With the wisdom of hindsight, the crusader states in the 13th century are almost universally portrayed as fragile, vulnerable and tottering on collapse. Yet as historian Stephen Donachie has argued persuasively in a variety of fora, this is a gross exaggeration that reduces nearly a century of history to a single snapshot taken at the end of that hundred years. Roughly the first half of that century, from the arrival of the Third Crusade until the defeat of the Frankish army at La Forbie in 1244, was actually a period of comparative prosperity, peace, security and even expansion. What follows is a synopsis of the key events and factors influencing the situation in the crusader states between 1190 and 1244.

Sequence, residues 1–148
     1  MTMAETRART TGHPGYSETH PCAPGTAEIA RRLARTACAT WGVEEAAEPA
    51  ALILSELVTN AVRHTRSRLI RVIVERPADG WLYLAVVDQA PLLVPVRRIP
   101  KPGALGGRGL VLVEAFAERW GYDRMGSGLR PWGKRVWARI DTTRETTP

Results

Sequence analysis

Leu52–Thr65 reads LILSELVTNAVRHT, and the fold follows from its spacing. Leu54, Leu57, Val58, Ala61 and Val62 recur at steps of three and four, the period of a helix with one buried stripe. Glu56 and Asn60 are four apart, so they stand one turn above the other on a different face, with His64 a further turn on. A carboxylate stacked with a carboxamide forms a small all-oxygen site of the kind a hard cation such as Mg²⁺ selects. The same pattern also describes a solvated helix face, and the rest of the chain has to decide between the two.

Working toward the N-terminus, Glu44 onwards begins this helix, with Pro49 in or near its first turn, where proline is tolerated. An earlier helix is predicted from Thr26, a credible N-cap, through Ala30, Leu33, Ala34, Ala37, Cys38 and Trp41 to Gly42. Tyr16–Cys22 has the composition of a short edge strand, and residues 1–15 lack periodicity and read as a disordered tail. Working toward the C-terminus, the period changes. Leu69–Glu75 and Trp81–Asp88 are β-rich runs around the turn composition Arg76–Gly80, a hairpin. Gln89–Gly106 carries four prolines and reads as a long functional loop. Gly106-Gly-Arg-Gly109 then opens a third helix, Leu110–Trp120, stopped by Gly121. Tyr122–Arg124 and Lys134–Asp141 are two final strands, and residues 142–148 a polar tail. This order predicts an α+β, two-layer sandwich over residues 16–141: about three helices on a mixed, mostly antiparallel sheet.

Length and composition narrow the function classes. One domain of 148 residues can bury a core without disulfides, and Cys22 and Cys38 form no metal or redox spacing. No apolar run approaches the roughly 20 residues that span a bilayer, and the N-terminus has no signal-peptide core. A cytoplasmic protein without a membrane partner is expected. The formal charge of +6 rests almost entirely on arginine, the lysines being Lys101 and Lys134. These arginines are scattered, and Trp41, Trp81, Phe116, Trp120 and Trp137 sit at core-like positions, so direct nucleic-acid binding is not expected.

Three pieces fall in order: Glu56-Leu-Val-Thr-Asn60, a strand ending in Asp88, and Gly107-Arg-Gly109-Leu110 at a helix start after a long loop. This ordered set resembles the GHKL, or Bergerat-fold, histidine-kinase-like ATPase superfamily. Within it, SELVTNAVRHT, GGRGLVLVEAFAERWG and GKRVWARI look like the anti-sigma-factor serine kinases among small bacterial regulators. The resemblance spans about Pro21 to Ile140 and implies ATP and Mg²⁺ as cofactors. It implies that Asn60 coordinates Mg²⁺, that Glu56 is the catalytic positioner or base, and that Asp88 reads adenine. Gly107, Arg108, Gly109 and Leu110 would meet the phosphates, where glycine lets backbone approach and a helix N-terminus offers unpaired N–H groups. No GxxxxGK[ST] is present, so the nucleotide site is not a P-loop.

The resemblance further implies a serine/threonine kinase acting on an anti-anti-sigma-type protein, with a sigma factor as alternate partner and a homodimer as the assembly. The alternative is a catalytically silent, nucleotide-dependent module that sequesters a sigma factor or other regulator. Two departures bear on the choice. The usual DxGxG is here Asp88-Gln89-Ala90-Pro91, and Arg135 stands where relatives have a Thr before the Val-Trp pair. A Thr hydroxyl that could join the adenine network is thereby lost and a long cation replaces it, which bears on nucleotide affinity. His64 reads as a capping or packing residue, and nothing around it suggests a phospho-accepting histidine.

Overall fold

Dr. Helena P. Schrader is the author of a total of six books set in the Holy Land in the Era of the Crusades. Find out more at: https://www.helenapschrader.com/crusades.html